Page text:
Greg McMahon can’t talk about football.
Everything else is free game, but not football — the sport he coaches and the reason LSU hired him as a special teams analyst in the spring.
“He is allowed to talk to us about everything except football,” said snapper Blake Ferguson. “We can go hang out in his office, talk about school, talk about girls.”
Girls? McMahon is nearly four decades older than Ferguson and others. Players are talking to him about girls?
“He loves to chop it up,” Ferguson smiles.
This is the peculiar world of LSU’s special teams, a unit without a full-time coordinator (McMahon is the special teams analyst), but one that players and coach Ed Orgeron insists will improve. Publicly, Orgeron has expressed disappointment in the performance in recent years of LSU’s special teams, vowing to return the units to the top of the nation — where they ranked during those championship-winning days.
How he’s doing that is unusual — electing not to hire a coordinator. That said, players say the energy around the unit has soared.
Sure, not having a coordinator is different and, to some degree, “hard,” Ferguson said. But he’s noticed a difference in a good way.
“Coach O has really put a huge, huge emphasis on special teams,” he said. “He sits in the front row of every special teams meetings. He puts his input in and really stresses how important special teams are because it’s been a question mark in the past and really trying to emphasize that third phase of the game.”
Phase 3 has been a struggle, at times.
Last year, it was the return teams, 95th and 66th nationally. In 2015, it was both the return and coverage squads. LSU that year finished last in the nation in punt coverage and 82nd in kick returns.
The program is one of the nation’s worst over the previous two seasons in touchbacks: 103rd in 2016 (20 percent touchbacks) and 116th in 2015 (16 percent touchbacks).
“Out the back of the end zone,” Orgeron quipped earlier this year when asked about kickoffs.
LSU is treating this neutral site game like a home affair – at least from a travel standpoint.
Redshirt freshman Connor Culp will serve as LSU’s kickoff specialist this season, beating out Cameron Gamble, a senior who, in an off and on role, handled kickoffs the previous three seasons. Catholic walk-on Jack Gonsoulin beat out Culp for the place-kicker job.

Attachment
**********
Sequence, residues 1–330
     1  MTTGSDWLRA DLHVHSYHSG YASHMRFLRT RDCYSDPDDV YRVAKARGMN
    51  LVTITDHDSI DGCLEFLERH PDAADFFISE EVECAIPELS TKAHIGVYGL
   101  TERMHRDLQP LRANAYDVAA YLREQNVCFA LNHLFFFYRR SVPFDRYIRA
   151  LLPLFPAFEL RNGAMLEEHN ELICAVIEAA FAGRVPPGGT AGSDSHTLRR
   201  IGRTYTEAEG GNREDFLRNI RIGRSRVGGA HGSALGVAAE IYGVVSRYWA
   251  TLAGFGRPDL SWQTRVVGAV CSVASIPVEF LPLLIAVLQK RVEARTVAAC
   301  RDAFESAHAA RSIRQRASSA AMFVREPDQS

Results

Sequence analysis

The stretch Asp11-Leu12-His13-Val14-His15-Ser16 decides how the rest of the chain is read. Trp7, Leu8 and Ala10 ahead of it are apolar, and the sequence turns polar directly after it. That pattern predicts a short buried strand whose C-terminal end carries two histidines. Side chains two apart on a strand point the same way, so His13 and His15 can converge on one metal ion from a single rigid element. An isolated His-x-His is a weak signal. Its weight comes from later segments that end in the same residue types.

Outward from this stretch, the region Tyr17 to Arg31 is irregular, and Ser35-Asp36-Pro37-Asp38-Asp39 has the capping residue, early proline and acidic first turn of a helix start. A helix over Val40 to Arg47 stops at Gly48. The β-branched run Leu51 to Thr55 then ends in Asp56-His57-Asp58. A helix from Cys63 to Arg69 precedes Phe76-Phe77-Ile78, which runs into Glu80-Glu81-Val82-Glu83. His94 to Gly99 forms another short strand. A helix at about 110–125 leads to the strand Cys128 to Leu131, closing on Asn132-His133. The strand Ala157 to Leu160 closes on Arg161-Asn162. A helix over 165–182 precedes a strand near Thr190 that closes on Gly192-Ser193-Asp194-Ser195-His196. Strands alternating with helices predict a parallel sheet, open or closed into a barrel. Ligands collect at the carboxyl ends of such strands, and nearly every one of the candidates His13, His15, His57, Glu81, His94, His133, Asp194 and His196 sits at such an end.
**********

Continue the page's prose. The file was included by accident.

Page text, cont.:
The real sore spot, though, has been the coverage and return teams. All four teams haven’t finished inside the top 60 in a single season since 2012.
“Coach O and rest of the coaches are really emphasizing how important special teams are. Guys are buying into that. It’s fun to watch,” Ferguson said. “Guys are coming up to me and asking me why they’re not on the first punt team. That’s really encouraging to have those guys excited about special teams again.”
Orgeron’s approach is different, yes.
He fired special teams coordinator Bradley Dale Peveto a day after landing the full-time head coaching job in November and never replaced him. Instead, he hired two longtime NFL special teams gurus to a support staff roles. First came Bobby April, who prepped the special teams for the Citrus Bowl, and then came McMahon in February.
LSU did not release a depth chart in the university's game notes on Monday, as is normal protocol.
Analysts’ roles are heavily restricted by NCAA rules, but McMahon is expected to be in the press box during games.
McMahon can be at practice and meetings, but he can’t speak to players during either. He can’t talk with players about the sport he coaches. All of the coaching is passed through graduate assistant Chris Forestier. He disseminates McMahon’s message to players.
Those messages are mostly schematic and less technical stuff, Growden and Ferguson said. Both players say they lean on personal punting and snapping coaches for technical work.
“I’m coaching myself and sending film back to my coach in Australian, as far as technique and stuff,” Growden said. “In terms of the protection and where we want to place the ball, that’s coming through the analyst to Chris to me.”
The five assistants overseeing special teams are running backs coach Tommie Robinson (punt team), secondary coach Corey Raymond (punt return), offensive line coach Jeff Grimes (field goal team), outside linebackers coach Dennis Johnson (field goal block and kickoff teams) and receivers coach Mickey Joseph (kickoff return).
How’s this going?
“It’s improved tremendously,” punter Josh Growden said. “Now each position has a coach — the gunners, tacklers."
Orgeron has touted McMahon this offseason as a special teams “genius” who works late hours in the LSU football complex, from 4 a.m. to 10 p.m., he half-joked last week. McMahon, fired by the Saints in January, is being paid $25,000 to overhaul the Tigers’ special teams, according to documents the school provided to The Advocate. His pay began Feb. 13 and ends Jan. 13, 2018, according to the documents.
Orgeron will "seriously" look at McMahon to join the staff in a full-time role in January, he’s said. The NCAA approved this spring the addition of a 10th assistant coach to college football staffs. It takes effect Jan. 9.
For now, he’s just a analyst. And that means a football coach not talking football with football players.
“It is hard because we don’t have a true special teams coach,” Ferguson said, “but for the most part, it’s been a pretty good little deal.”
NOT SO SPECIAL
At least one of five of LSU’s special teams units has finished 94th or worse nationally in the last four years.
Punt return D
Kick return D